"Truth Has No Rivals"
Sermon Preached By Rev. Richard E. Stetler - 5/30/1999
Psalm 8; Matthew 28:16-20
Often there is a lot of confusion when life calls us to make decisions in areas where we have never been and about long range goals that are far from certain. Many of our recent high school graduates will be navigating in these strange waters very soon. Many of us still remain untested in many areas of experience. There are times when we make repeated mistakes and we fear that life may be nothing more than a series of trials and errors until we "get it right".
I remember watching a program some years ago on public television. The program's subject matter centered on the communication which takes place between animals. One fascinating bit of footage featured three beavers who were trying to construct a dam in a particular stretch of swift moving water. The currents destroyed their work time after time.
After the fourth disaster, the three beavers appeared to confer with each other. What happened next was fascinating to watch. One of the beavers left the other two and returned with an older beaver. The older beaver sat on the bank and appeared to superintend the construction of a dam which stayed.
The memory of that event has stayed with me since I saw it. Even in the animal world, creatures seem to know when it is time to call on the wisdom of one of their own who knows more than they do. While we can understand that truth, quite often we cannot apply it to ourselves.
We have this quality about us which is called pride. Sometimes that word describes a wonderful attribute. In this context it means that we will never intentionally do our second best. Even our smallest responsibilities will be given the same follow-through as if we were performing some task for Jesus himself.
The other definition of pride describes a spiritual barrier. When we are lost, this kind of pride will not permit us to stop and ask for directions. We will not reach out for help. We maintain a posture and attitude that we can manage life ourselves. We are saying, "Thanks, but no thanks!" to those who could render assistance to us. We need to remember that God created us to be social beings. We were designed to work in a team environment.
When news of a woman in our congregation who has breast cancer comes to my attention, I immediately suggest that she speaks to several other women in the church family who have gone through that experience. These women are veterans of breast cancer and know how to superintend the building of a dam that stays.
They have gone through the periods of uncertainty. They have followed through on the prescribed protocols of the medical profession. They have succeeded in navigating through some turbulent, emotional waters. They have arrived at a place where they can help the newcomers get beyond the, "I don't want anyone else to know about this" to the truth of, "I am so glad that I have found others who can help me through this experience."
In another example, I once had a man in my office who brought with him the woman he was planning to marry. She was going to be his fourth bride. During our conversation I asked him, "What has happened in your life that makes you believe that your fourth marriage will work?" He sat quietly for a moment. The question was very personal and had obviously touched a sensitive area. While pointing to his fiancée, he said, "She has taught me that I cannot express love if my will is the only one under consideration each time there is a conflict. My other marriages failed because there was room in my life for only one person–ME! She taught me that I did not know how to love."
It took three broken marriages for him to learn a very valuable lesson. A fourth woman held that mirror in front of him and said, "I will love you if you let me." We can frown at his situation if we wish, but how many times have we failed at some skill and have refused to seek or take advice from someone who knows more than we? We first have to admit that something in our life is not working. Our own frustration and distraction should make this condition abundantly clear.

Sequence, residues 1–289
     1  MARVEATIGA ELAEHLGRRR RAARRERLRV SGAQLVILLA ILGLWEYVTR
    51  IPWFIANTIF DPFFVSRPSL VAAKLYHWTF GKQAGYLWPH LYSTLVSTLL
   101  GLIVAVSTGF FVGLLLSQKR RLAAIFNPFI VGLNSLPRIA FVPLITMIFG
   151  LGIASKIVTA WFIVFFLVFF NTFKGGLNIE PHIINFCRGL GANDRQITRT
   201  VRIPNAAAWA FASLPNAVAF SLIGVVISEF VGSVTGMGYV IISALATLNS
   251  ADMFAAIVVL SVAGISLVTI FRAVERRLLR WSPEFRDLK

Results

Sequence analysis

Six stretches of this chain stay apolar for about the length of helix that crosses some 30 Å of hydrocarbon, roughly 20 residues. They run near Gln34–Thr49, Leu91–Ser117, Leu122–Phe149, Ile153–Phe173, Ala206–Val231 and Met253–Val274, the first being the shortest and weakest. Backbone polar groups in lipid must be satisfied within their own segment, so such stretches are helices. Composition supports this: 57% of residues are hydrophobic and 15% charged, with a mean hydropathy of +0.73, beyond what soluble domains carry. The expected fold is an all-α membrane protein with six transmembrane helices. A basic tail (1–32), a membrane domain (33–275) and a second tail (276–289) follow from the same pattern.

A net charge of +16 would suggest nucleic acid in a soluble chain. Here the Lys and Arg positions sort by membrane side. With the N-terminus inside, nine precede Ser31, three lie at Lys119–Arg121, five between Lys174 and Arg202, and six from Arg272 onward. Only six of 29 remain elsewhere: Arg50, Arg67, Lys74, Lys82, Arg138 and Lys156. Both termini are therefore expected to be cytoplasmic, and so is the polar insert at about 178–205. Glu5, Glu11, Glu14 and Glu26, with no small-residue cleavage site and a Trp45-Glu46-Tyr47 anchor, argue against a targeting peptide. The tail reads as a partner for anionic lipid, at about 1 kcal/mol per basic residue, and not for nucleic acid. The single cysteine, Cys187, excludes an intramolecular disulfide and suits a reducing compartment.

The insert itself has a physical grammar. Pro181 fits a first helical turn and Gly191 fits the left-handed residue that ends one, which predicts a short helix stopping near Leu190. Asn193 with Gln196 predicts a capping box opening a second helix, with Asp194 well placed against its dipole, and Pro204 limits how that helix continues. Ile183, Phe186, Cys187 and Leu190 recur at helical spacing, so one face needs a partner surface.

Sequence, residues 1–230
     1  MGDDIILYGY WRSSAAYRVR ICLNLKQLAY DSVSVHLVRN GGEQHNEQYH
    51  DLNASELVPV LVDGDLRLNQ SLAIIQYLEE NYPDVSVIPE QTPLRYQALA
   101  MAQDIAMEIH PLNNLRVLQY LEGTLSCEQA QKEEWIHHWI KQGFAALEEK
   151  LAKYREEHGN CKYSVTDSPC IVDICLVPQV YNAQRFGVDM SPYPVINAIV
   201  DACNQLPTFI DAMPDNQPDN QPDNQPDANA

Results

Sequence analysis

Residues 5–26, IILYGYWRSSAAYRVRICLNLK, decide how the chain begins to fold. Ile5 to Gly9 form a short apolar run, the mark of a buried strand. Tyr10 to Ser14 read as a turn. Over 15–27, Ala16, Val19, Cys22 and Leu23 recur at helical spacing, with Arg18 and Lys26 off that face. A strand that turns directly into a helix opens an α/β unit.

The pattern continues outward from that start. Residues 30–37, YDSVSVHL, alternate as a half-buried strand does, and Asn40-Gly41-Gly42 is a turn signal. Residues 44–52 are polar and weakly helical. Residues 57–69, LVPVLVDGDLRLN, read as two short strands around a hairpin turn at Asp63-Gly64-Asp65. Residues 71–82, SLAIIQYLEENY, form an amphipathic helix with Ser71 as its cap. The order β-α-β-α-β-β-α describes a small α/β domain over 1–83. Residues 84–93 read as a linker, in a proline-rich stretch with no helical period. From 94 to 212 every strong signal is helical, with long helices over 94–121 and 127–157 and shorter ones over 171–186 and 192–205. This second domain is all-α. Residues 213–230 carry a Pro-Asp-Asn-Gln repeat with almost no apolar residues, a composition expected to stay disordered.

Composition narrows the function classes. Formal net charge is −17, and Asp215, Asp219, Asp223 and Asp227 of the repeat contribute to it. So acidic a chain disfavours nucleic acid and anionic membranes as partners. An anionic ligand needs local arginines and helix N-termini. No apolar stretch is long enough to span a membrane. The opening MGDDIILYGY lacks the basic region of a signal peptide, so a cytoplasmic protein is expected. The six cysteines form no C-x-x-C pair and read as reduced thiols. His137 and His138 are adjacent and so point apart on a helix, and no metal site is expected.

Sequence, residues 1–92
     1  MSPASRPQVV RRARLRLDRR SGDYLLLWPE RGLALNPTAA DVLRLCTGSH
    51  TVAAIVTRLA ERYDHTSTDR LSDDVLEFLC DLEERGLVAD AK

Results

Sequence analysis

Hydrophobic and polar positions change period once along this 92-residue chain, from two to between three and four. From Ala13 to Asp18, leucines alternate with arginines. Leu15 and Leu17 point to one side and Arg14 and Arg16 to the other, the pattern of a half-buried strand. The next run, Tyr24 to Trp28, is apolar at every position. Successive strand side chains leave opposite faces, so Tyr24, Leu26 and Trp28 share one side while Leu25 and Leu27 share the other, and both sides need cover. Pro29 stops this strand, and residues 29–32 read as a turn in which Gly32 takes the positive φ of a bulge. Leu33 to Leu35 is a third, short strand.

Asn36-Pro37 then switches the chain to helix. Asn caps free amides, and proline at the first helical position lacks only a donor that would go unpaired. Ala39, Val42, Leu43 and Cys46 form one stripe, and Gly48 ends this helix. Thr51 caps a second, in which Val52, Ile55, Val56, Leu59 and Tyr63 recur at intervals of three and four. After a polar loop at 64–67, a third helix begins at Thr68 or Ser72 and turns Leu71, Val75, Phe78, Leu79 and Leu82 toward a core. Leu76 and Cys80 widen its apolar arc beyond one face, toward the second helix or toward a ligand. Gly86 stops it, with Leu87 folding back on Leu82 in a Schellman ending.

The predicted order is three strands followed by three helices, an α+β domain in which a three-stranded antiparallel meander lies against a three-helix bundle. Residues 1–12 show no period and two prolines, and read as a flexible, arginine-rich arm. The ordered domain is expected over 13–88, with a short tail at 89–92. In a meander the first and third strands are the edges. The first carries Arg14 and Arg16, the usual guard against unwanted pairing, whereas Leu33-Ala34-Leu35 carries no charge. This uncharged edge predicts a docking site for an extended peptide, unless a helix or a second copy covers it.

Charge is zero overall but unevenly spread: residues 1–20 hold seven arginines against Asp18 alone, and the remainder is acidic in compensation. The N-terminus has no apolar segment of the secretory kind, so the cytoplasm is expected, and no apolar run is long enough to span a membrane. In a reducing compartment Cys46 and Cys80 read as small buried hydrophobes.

How many times have we felt that we were absolutely entitled to respond to our hurts with bitterness? How many times have we allowed someone's behavior to be so controlling of us that we have refused to attend a social function where that person was going to be present? How many of us have painful memories which visit us over and over again, dredging up all kinds of twisted thoughts that remain a part of day-to-day living? When we have such thoughts, life is not working. We need to approach someone who knows more than we do.
We have this savior in our midst. God sent Jesus into our world for precisely this reason. Jesus represents the standard by which we can judge how we are doing. God sent him to save us from such thinking. To date, no one has ever successfully proven that what Jesus taught will not work. Jesus embodied excellence. Not only did he teach it, he lived it. One of the qualities of life he taught was forgiveness. Forgiveness does not work only some of the time; it works every time.
Some people still engage in self-torture because they have not learned this very basic skill. They have not learned what forgiveness is and what it will do for them. Forgiveness is an attitude of spirit that protects us from allowing anyone or any event to continue poisoning our thoughts. Who would not want such a freedom?
Once we learn how a forgiving spirit serves us and why a spirit that nurses past hurts destroys us, we graduate. We never again allow other people or events to govern the quality of our lives from a distance. We no longer allow others to take up residence in our heads. By learning this skill, we can construct a life that will stay whole while in the midst of the swift currents swirling around us. Truth has no rivals. We know this because no other attitude will bring healing to ourselves. Even with all this evidence of success, people still doubt.
Listen again to this verse in our lesson, "When they saw him, they worshiped him, even though some of them doubted." Not even the disciples could easily let go of the conclusions they had formed. Like many of us, they felt entitled to their feelings in spite of what those feelings were doing to them. For each one of us there will come a time when we must decide to surrender what we know in order to accept the authority of the one who possesses the truth about life.
Through what Jesus did on the cross, the picture of what is possible could not be any clearer. Jesus was able to hang on that cross and tell those on the ground how much he still loved them. How could something that worked for him fail to work for us? Every circumstance of life gives us the opportunity to define ourselves. We must also allow others the same privilege, even when their self-definition displays vastly different values.